The Unsung Female War Correspondents of World War II

They were witness to some of the bloodiest battles of the war.

They were often unsung, told they were too delicate for the job, and they were few in number. But, the female war correspondents during World War II traveled with troops, were privy to some of the worst atrocities, and were just about as tough as could be.

Female correspondents from Allied countries (L to R): Ruth Cowan, Sonia Tomara, Rosette Hargrove, Betty Knox, Iris Carpenter, Erika Mann. Taken in 1944. Via/ Wiki Commons

Throughout the war, female correspondents were often denied access to the front lines, with military commanders claiming that there were no bathrooms for women or that it would simply be too dangerous. But, many of the women reporters got their stories anyways, rescuing their cameras from water and mud in order to make sure that people back home could see what was happening with the war. About 10% of the U.S. war correspondents during WWII were women.

Female correspondents (L to R): Mary Welch, Dixie Tighe, Kathleen Harriman, Helen Kirkpatrick, Lee Miller, Tania Long. Taken in 1943. Via/ Wiki Commons

One correspondent in particular was known for also being among the most stylish, even during incredibly difficult times. She was also witness to the aftermath of some of the SS suicide scenes, of which there were many thousands.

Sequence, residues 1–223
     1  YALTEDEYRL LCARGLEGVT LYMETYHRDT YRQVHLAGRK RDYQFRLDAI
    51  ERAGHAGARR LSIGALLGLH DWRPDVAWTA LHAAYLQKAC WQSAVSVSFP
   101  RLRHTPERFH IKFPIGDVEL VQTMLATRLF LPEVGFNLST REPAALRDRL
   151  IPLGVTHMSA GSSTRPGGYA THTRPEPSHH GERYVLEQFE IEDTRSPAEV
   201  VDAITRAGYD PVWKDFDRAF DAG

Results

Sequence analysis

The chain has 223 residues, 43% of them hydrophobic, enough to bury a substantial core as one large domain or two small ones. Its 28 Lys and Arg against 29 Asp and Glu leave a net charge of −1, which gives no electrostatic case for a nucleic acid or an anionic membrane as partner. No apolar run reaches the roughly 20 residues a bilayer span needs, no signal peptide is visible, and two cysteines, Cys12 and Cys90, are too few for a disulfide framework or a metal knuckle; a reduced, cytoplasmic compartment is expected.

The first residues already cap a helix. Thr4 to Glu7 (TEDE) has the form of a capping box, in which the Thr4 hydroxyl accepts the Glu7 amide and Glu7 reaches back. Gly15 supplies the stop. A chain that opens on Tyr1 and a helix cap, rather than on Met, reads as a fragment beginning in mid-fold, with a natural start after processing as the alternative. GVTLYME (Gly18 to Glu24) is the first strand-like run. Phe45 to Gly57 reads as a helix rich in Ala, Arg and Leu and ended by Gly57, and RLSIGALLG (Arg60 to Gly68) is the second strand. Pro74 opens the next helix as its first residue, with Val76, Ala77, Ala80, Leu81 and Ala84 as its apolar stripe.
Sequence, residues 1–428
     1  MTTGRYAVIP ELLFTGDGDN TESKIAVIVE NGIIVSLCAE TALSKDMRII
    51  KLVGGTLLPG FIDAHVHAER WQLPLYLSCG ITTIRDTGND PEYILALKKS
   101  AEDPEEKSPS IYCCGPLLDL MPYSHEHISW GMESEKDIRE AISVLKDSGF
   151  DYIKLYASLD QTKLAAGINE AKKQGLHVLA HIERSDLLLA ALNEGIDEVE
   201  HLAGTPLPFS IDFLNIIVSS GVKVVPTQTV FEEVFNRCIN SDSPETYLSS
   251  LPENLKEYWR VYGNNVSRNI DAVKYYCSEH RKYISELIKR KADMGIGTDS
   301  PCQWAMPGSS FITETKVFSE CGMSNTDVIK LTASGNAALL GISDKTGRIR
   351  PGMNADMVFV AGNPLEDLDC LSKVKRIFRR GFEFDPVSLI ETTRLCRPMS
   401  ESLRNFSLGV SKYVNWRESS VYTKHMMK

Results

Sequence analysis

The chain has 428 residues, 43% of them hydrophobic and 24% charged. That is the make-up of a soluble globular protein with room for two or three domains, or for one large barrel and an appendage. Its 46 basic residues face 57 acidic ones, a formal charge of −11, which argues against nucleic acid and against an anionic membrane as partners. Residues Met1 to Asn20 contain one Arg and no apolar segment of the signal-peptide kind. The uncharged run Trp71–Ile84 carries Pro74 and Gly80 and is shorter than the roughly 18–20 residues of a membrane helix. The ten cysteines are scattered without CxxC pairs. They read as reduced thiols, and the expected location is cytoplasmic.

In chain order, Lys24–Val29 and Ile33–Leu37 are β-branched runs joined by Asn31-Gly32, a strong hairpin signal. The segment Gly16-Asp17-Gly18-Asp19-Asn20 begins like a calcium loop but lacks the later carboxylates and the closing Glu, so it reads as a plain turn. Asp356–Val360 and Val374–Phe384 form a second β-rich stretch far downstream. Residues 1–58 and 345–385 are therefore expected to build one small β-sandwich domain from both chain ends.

Her name was Lee Miller and while she was once a model for Vogue in the 1920s, during WWII she would report on some of the most horrific events of the war for that same ladies magazine. As a student and muse of Man Ray, Miller learned how to compose a photograph spectacularly and used those skills in photographing the war.

Lee Miller in 1944. Via/ Wiki Commons

Another talent among the crop was Toni Frissell who, after the war, would go on to photograph such famed personalities as Frida Kahlo and Jacqueline Bouvier.

Other notable “gal correspondents” as they were sometimes called included the acclaimed LIFE reporter Margaret Bourke-White and Ernest Hemingway’s own wife, Martha Gellhorn, the latter of which was able to illicitly make it ashore during D-Day when even Hemingway himself could not. Gellhorn was later stripped of correspondent’s badge over the incident.

Toni Frissell shows a group of European children her camera, 1945. Via/ Library of Congress

These women reporters often had to break the rules in order to get to the front lines, with some of them hiding in ships bound for battle or running ahead of the line of action. These extremely dangerous maneuvers would prove worth it most of the time, as nothing would stand in the way of their duty to report on the war.

Click here for some truly outstanding images of WWII shot on color film!